On a cold, wet morning in early December, a group of students and staff from the Yale Sustainable Farm Project huddled closely together under the farm’s pavilion. Finally, a minivan pulled up and Wendell Berry slowly emerged. He wore a long, black overcoat and a stocking hat that read “The Aldo Leopold Foundation.” The gentle, if slightly mischievous, sparkle in his eyes belied his seventy-nine years. He smiled genuinely during introductions, and spoke with a casual, almost nostalgic, Southern drawl that pulls you in and invites you to listen more attentively.
Wendell Berry has been an iconic figure of American arts and letters for nearly half a century. He has penned (he famously and quite defiantly doesn’t own or use a computer) dozens of novels, short stories, and essays, and is perhaps best known for his poetry. Berry talks like a poet, with precision and a thoughtfulness for the beauty of language rarely heard these days.
He was coming to Yale to accept the Chubb Fellowship, an honor bestowed by Timothy Dwight College, one of Yale’s twelve residential colleges. In accepting the Fellowship, Berry joined a long and esteemed list that includes the likes of writer Chinua Achebe, musician Wynton Marsalis, paleoanthropologist Richard Leakey, Nobel Peace Prize Laureate Aung San Suu Kyi, and President George H. W. Bush. In addition to a public talk to a packed house at New Haven’s Shubert Theater, there would be formal dinners, a private wine and cheese (and appropriately for the native Kentuckian, bourbon) reception. But for one of America’s greatest agrarian philosophers, writers, and activists, the highlight would be a tour and luncheon at the Yale Sustainable Farm Project.
Berry’s writing has attracted international acclaim and garnered him numerous awards. He is a Fellow of the American Academy of Arts and Sciences, and a recipient of the Richard C. Holbrook Distinguished Achievement Award. In 2010, Berry received the National Humanities Medal, and in 2012 he gave the Jefferson Lecture, the highest honor bestowed by the federal government for distinguished intellectual achievement in the humanities.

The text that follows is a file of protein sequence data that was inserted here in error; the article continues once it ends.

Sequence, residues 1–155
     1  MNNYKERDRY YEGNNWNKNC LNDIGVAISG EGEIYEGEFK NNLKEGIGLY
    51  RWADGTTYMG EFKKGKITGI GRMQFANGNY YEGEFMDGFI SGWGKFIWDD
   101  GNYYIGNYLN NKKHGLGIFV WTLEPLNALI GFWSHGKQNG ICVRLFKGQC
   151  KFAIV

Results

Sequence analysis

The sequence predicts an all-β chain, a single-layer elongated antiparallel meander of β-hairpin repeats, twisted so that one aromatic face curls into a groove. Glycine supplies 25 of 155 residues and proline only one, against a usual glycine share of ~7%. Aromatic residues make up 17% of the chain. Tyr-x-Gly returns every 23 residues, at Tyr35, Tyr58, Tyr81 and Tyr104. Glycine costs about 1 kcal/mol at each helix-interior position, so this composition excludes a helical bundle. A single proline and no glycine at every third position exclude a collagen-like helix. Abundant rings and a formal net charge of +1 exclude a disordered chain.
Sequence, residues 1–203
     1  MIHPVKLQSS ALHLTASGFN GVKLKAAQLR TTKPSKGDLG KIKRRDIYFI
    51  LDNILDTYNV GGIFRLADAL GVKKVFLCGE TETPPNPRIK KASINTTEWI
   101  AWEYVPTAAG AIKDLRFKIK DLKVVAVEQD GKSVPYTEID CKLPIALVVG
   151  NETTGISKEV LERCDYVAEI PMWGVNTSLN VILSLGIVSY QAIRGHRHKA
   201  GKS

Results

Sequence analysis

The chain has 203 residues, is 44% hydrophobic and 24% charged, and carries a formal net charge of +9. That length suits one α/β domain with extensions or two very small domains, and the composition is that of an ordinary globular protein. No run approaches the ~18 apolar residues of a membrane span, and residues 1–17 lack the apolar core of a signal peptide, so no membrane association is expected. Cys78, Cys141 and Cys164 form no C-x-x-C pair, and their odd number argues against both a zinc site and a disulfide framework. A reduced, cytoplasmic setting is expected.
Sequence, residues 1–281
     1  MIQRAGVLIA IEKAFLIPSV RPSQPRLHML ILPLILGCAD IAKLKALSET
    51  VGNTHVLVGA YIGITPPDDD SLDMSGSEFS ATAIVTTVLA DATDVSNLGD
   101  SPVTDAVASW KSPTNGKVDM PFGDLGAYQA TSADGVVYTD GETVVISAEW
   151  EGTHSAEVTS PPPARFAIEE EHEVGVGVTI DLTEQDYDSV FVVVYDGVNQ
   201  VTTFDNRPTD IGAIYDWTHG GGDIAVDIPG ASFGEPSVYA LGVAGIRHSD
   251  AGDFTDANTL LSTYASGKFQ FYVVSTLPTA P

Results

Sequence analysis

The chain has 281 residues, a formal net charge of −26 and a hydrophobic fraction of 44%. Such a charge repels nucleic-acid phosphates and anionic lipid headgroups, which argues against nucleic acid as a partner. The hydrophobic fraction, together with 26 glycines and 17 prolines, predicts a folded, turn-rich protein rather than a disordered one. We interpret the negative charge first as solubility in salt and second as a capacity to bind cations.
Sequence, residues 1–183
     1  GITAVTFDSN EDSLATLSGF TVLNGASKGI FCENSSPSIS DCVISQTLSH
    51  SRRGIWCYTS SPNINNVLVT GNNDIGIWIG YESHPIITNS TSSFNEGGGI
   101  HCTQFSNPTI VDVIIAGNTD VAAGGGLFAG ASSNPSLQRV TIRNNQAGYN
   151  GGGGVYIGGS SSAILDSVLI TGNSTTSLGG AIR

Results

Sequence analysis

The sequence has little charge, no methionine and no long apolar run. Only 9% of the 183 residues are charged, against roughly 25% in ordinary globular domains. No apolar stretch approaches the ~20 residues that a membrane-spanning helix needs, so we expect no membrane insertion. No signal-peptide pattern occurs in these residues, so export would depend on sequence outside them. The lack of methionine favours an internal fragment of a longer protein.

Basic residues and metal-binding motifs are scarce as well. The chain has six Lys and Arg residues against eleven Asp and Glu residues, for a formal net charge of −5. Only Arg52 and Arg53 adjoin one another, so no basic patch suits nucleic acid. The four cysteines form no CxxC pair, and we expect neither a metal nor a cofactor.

And yet, listening to him talk with Yale students in the winter rain, I was struck by his humility. As a fellow Midwesterner, he reminded me of my grandfather, and so many others I know from back home—simple, unassuming, hard-working, committed farmers. In many respects, our initial conversation felt like reacquainting with an old friend.
After brief introductions, students and staff led Berry on a tour of the Yale farm. More like a large garden by Midwestern standards, the one-acre farm is celebrating it’s tenth anniversary. Students showed Berry the winter rye and vetch cover crops, and described how their fertilizer, made from kelp harvested from the Long Island Sound, closes the loop between land-based agriculture and the ocean ecosystem. They introduced Berry to the farm’s brood of layer hens, and a brief conversation about the eco-politics of animal production ensued. Berry boasted that his granddaughters can “gut two birds a minute,” and asked what is done with the birds. A student explained that the farm does not butcher their birds, but instead donates them to Common Ground, a local environmental science charter school. “Political vegetarians make me a little uneasy,” Berry says. “There’s a threshold for cruelty that we all live above.”
Although he has never been a full-time farmer, Berry credits his rural upbringing as essential to his illustrious career. He smiles wistfully as he describes hanging around tobacco barns as a kid, listening to “wonderful talk by people who really know how to talk.” In addition to writing and editing, he taught English at the University of Kentucky for nearly twenty years. In 1964, Berry and his wife, Tanya, moved their family to Port Royal, Kentucky and purchased 125 acres they call Lane’s Landing where they raise grains, vegetables, and livestock. This simple but radical commitment to place has come to not only define his writing, but also serves as an embodied expression of his philosophy, activism, and land ethic. Berry believes that our social and physical hyper-mobility is antithetical to cultivating sustainable communities. As Berry says, “We’re using the word “wild” wrong. There are no wild animals. They’re not wild; they’re domestic—going about their business, making their homes. They think we’re wild. We’re not doing a good job of making our homes, raising our children. We’re just being wild!”